In addition, the explanatory statement of the European Parliament report states: “IP rights, data protection and data ownership—the resolution calls on the Commission to come forward with a balanced approach to IP rights when applied to hardware and software standards and codes that protect innovation and at the same time foster innovation. Moreover, the elaboration of criteria for ‘own intellectual creation’ for copyrightable works produced by computers or robots is demanded.”

This statement suggests that the drafters had considered, and were not averse to, the notion of IP rights being attributable to an AI entity or at the very least that the issue of IP created solely by an AI needs to be addressed.

International picture

The legal status of AI is a hot issue of discussion around the world. Different countries appear to have differing stances regarding the legal status of AI. No country has yet gone so far as to grant AI equal status to a person, recognising that, at least at this point, AI is constrained by its programming to have limited original thinking.

For example, the AI used in drug discovery may design a new candidate drug compound will base that design on the data input to which it has access. The AI will not decide to collaborate with another lab or decide to pursue a different project. However, if countries differ in their grant of legal status to AI, this can also potentially create a problem with regard to patent rights.

Conceivably at some point in the future a country may regard AI to be so far advanced that it is deserving of status as a legal entity which can be named as an inventor on a patent application. Under this scenario a first application is filed in an AI-recognised country. However, if a second application is then filed in another country which does not recognise the legal status of the AI, a problem may arise in the second country with regard to a priority claim back to the first application.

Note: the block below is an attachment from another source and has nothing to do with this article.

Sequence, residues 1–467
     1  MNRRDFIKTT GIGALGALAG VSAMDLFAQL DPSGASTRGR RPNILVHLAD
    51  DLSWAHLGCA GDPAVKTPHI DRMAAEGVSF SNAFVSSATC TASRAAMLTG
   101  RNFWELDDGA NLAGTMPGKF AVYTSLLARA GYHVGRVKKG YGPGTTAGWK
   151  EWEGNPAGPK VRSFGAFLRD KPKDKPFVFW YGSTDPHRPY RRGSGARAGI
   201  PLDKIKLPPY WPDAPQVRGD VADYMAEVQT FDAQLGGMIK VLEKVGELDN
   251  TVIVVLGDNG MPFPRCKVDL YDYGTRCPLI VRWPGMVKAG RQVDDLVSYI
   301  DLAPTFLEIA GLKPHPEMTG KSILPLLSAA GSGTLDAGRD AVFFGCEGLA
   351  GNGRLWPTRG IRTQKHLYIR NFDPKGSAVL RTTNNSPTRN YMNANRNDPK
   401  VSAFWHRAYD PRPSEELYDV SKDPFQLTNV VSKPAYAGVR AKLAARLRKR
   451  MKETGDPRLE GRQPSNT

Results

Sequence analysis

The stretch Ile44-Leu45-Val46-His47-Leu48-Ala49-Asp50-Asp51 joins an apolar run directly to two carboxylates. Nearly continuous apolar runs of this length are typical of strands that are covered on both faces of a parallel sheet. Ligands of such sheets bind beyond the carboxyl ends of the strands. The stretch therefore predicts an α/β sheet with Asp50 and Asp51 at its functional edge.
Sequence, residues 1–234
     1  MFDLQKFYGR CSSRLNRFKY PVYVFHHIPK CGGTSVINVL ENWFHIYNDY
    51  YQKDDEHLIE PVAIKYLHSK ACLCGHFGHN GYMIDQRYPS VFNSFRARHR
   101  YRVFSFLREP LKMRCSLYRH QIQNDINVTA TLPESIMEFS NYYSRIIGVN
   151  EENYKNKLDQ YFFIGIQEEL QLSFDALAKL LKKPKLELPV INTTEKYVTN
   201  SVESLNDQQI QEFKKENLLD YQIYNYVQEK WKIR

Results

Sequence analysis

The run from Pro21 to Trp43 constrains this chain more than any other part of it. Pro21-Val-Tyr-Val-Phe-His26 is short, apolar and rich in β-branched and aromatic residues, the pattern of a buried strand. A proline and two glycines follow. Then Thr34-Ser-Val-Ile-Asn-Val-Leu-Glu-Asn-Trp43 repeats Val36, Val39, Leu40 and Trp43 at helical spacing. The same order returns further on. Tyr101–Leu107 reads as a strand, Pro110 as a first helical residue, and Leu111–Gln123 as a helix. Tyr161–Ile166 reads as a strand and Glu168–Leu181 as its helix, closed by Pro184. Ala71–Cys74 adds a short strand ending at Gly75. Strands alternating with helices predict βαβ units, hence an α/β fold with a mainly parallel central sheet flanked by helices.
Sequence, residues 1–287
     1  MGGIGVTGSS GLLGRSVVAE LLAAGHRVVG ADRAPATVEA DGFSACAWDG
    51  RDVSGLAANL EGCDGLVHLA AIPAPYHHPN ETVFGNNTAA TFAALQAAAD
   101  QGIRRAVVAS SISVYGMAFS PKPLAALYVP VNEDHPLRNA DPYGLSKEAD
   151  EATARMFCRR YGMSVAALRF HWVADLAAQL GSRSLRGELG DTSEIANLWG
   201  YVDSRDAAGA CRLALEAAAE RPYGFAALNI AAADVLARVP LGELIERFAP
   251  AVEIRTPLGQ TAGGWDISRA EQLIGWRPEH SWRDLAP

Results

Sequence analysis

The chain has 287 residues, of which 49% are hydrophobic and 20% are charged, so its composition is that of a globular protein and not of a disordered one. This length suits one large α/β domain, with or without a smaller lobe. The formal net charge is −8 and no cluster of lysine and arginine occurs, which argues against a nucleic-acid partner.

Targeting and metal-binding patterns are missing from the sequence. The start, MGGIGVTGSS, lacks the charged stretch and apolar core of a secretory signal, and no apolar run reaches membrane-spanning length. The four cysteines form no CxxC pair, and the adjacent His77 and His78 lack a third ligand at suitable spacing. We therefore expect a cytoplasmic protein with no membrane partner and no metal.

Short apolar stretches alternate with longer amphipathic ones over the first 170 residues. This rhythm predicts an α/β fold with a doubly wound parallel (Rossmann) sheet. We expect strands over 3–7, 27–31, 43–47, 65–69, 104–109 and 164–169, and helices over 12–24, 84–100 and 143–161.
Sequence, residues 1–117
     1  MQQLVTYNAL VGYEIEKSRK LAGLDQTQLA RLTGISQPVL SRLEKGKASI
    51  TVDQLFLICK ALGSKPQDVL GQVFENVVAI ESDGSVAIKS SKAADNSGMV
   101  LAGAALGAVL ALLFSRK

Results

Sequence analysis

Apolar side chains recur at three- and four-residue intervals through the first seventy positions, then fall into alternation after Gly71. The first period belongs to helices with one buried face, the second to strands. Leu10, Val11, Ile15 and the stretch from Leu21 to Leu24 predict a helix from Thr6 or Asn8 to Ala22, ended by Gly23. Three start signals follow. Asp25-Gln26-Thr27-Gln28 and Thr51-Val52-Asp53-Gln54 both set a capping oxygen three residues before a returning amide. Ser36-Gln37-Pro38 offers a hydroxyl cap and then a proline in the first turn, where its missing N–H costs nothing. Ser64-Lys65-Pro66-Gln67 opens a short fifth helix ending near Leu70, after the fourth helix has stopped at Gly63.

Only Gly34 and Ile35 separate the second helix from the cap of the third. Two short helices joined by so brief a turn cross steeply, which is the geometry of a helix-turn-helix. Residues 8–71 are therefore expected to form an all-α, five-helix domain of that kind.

Several murky issues are raised by the use of AI in technology development. As AI becomes more advanced and more AI is incorporated into R&D efforts, these issues should be considered and addressed to prevent problems in being able to protect inventions developed by the AI.

MaryAnne Armstrong is a partner at Birch Stewart Kolasch & Birch. She focuses on prosecuting patent applications and post-grant practice in the fields of pharmaceutical chemistry, organic chemistry, medical devices, biotechnology, and plants. She is also experienced in pharma and biopharma-related procedures including requests for patent term extension. She can be contacted at: